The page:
Sharing your overarching impressions of the MSE results will help you engage your client in a conversation and understand their perspective. It might also help them build their own self-awareness. Listen to this audio clip for an example.

There are reference cards available that describe the different components of the MSE and provide guidelines on how to conduct and document the findings. It can be helpful to keep a reference card on hand so that you can easily refer to it as needed. 

If your client’s MSE findings show a possible undiagnosed mental health problem or symptom, it is important to:4

  • conduct further screening for these issues (for more information see Additional Resources below)
  • refer the client to specialized mental health supports, as needed
  • provide care in an integrated, collaborative fashion along with their mental health team.

Suicide assessment is an important part of the MSE.3,5 Several resources are available to guide you in conducting a safe and effective suicide assessment (see Additional Resources below).

Table 1. Assessing the MSE components (observation vs. inquiry)

Commonly assessed through observation Commonly assessed through inquiry
  • Appearance
  • Behaviour
  • Affect
  • Thought form (also referred to as thought process)
  • Speech
  • Cognition (including orientation, memory, planning, alertness, etc.)
  • Perception
  • Mood
  • Thought content (including suicidal ideation, homicidal ideation, etc.
  • Insight/judgement

Additional resources

Click to show references
  1. Martin, D.C. (1990). The Mental Status Examination. In Clinical Methods: The History, Physical, and Laboratory Examinations. 3rd ed. Butterworths. Available: Accessed November 19, 2018.
  2. Robinson, D.J. (2016). The Mental Status Exam Explained. 3rd ed. Port Huron: Rapid Psychler Press.
  3. Trzepacz, P.T. & Baker, R.W. (1993). The Psychiatric Mental Status Examination. New York: Oxford University Press.
  4. Snyderman, D. & Rovner, B.W. (2009). Mental status examination in primary care: A review. American Family Physician, 80 (8), 809–814. doi:10.1603/033.046.0324
  5. Sadock, B.J., Sadock, V.A. & Ruiz, P. (2015). Kaplan and Sadock’s Synopsis of Psychiatry: Behavioral Sciences/Clinical Psychiatry. 11th ed. Philadelphia: Wolters Kluwer.
  6. Cooper, C. & Lobo, D. Problem Gambling Provincial Training Webcast: Comorbidity: Mental Health Disorders and PG and the Mental Status Exam (MSE). Available: Published 2013. Accessed November 14, 2018.
  7. Components of a Mental Status Assessment | Nursing Best Practice Guidelines. Registered Nurses’ Association of Ontario. Available: Accessed November 15, 2018.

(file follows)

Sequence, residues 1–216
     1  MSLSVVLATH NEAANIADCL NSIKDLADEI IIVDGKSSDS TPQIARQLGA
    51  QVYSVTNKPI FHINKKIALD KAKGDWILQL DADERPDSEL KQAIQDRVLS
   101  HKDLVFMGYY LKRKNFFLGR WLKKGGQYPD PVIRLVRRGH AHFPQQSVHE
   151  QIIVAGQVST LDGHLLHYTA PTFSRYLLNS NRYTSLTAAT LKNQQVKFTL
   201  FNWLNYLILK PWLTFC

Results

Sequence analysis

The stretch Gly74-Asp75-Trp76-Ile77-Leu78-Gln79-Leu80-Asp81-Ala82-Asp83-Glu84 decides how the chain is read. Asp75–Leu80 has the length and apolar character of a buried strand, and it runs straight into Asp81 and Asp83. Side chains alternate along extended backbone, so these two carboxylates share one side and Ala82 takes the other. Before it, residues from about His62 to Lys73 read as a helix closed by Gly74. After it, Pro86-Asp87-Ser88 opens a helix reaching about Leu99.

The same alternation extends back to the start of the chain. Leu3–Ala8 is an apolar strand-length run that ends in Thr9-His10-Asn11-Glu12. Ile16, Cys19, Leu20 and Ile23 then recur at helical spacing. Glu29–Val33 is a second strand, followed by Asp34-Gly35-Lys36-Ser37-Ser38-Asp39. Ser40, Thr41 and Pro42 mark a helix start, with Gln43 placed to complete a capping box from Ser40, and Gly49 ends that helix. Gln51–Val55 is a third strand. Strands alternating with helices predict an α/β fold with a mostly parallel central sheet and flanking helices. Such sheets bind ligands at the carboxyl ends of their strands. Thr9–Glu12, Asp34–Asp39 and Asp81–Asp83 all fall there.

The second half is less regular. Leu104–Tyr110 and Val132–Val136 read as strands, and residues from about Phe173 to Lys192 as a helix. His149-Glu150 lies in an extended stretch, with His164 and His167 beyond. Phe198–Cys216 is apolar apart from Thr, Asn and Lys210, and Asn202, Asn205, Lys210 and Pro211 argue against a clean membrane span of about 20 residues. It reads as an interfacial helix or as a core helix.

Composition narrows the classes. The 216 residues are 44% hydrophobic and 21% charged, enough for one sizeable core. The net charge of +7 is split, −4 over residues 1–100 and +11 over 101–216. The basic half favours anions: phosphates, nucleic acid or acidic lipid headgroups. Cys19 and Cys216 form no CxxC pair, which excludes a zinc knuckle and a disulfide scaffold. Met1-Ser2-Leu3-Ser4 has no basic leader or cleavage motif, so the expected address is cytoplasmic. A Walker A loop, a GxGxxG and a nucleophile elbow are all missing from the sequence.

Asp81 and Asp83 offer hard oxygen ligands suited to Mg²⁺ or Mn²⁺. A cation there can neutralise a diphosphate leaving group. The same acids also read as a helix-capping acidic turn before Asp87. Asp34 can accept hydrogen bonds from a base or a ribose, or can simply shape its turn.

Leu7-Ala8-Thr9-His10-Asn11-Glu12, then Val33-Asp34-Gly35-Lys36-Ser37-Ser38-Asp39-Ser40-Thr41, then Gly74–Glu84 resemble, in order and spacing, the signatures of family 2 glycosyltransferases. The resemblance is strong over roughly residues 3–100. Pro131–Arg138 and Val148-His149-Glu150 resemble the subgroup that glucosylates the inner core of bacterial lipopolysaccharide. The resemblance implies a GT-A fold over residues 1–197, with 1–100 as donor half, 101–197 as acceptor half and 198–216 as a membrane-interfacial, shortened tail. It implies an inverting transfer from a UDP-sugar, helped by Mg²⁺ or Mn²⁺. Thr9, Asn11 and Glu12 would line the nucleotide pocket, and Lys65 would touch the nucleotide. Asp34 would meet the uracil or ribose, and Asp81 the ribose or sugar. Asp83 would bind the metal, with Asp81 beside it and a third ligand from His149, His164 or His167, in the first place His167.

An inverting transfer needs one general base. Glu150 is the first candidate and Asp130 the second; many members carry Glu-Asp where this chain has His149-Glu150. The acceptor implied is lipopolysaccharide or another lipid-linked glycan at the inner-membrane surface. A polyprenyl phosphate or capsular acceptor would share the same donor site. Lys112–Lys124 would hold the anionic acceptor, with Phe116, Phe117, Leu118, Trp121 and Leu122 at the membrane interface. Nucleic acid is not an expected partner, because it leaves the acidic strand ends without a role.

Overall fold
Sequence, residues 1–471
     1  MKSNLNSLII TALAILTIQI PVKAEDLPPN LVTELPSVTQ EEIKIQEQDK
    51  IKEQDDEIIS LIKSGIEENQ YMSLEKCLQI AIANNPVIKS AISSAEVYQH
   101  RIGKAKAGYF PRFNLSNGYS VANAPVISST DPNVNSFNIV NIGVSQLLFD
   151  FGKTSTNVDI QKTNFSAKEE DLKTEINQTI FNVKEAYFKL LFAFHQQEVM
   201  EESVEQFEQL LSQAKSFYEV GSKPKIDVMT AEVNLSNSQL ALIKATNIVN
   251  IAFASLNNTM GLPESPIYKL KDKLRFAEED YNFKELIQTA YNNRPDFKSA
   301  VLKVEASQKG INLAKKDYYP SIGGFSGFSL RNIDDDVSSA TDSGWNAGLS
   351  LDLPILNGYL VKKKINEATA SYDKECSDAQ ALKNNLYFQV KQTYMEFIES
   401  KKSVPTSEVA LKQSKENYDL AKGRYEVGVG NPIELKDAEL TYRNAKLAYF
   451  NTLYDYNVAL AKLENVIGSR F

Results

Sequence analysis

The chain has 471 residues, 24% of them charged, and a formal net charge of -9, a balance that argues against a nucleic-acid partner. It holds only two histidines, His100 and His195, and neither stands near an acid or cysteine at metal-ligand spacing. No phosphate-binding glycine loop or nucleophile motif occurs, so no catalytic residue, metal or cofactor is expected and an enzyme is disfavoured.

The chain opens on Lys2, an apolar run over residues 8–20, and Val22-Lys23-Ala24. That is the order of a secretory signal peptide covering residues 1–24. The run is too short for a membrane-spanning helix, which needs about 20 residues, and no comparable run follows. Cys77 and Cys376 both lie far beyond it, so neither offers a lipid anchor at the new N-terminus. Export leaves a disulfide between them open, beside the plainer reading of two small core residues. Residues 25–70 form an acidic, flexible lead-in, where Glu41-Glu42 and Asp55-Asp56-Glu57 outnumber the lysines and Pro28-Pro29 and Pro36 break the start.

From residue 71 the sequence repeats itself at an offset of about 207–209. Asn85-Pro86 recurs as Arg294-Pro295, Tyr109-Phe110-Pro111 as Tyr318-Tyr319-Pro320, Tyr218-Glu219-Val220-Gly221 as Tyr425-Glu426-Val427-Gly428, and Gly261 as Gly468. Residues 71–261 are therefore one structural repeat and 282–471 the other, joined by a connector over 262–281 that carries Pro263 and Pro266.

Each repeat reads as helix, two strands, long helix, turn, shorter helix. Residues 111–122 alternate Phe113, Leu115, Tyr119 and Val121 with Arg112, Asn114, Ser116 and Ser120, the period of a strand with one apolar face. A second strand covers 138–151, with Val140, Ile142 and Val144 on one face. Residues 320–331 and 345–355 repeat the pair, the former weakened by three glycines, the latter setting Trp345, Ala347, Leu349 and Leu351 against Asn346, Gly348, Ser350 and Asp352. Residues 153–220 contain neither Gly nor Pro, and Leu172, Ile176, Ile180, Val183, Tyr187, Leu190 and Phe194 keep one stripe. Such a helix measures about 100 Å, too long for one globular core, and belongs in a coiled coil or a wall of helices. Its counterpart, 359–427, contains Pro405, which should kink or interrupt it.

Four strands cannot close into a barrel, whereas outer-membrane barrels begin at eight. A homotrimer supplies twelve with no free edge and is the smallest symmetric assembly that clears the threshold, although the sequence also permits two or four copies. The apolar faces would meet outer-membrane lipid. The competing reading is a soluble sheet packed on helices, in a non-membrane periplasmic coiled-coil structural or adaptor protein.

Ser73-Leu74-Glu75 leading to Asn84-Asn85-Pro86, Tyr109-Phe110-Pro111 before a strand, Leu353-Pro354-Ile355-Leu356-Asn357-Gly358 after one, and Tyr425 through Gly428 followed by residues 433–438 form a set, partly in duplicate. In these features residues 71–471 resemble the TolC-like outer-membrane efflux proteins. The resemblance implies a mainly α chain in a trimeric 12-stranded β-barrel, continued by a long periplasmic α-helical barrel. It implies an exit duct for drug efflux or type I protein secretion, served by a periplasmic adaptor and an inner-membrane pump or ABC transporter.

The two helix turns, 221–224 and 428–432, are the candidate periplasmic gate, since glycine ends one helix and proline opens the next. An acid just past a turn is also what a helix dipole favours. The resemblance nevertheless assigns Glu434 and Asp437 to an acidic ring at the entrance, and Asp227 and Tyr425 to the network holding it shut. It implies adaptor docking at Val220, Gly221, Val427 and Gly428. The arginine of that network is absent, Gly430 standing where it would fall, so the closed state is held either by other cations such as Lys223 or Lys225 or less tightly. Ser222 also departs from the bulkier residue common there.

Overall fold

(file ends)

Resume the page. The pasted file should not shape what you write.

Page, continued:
8. Dowling, N.A., Cowlishaw, S., Jackson, A.C., Merkouris, S.S., Francis, K.L. & Christensen, D.R. (2015). Prevalence of psychiatric co-morbidity in treatment-seeking problem gamblers: A systematic review and meta-analysis. Australian and New Zealand Journal of Psychiatry, 49(6), 519-539. doi:10.1177/0004867415575774
  9. Lorains, F.K., Cowlishaw, S. & Thomas, S.A. (2011). Prevalence of comorbid disorders in problem and pathological gambling: Systematic review and meta-analysis of population surveys. Addiction, 106 (3), 490–498. doi:10.1111/j.1360-0443.2010.03300.x
  10. Sadock, B.J & Sadock, V.A. (2009). Kaplan and Sadock’s Concise Textbook of Child and Adolescent Psychiatry. 10th ed. Philadelphia: Lippincott Williams & Wilkins.
  11. Finney, G.R., Minagar, A. & Heilman, K.M. (2016). Assessment of Mental Status. Neurologic Clinics, 34 (1), 1–16. doi:10.1016/j.ncl.2015.08.001
  12. Huline-Dickens, S. (2013). The mental state examination. Advances in Psychiatric Treatment, 19 (2), 97–98. doi:10.1192/apt.bp.112.010215
  13. Silverman, J.J., Marc Galanter, C., Jackson-Triche, M., et al. (2016). The American Psychiatric Association Practice Guidelines for the Psychiatric Evaluation of Adults, 3rd Ed. Arlington.
  14. American Psychiatric Association Practice Guidelines for the Treatment of Psychiatric Disorders: Compendium 2006. Arlington; 2006.

Last modified: January 15, 2019

This information is intended to help clinicians in their use of evidence-informed practice (EIP) when screening, assessing, and treating clients with behavioural addiction(s). Evidence-informed practice, sometimes called evidence-based practice, is a client-centred approach to clinical decision making. It’s a way to solve problems by integrating the best available research evidence with the clinician’s experience, the client’s preferences and values, and the organizational and cultural context.1,2,3,4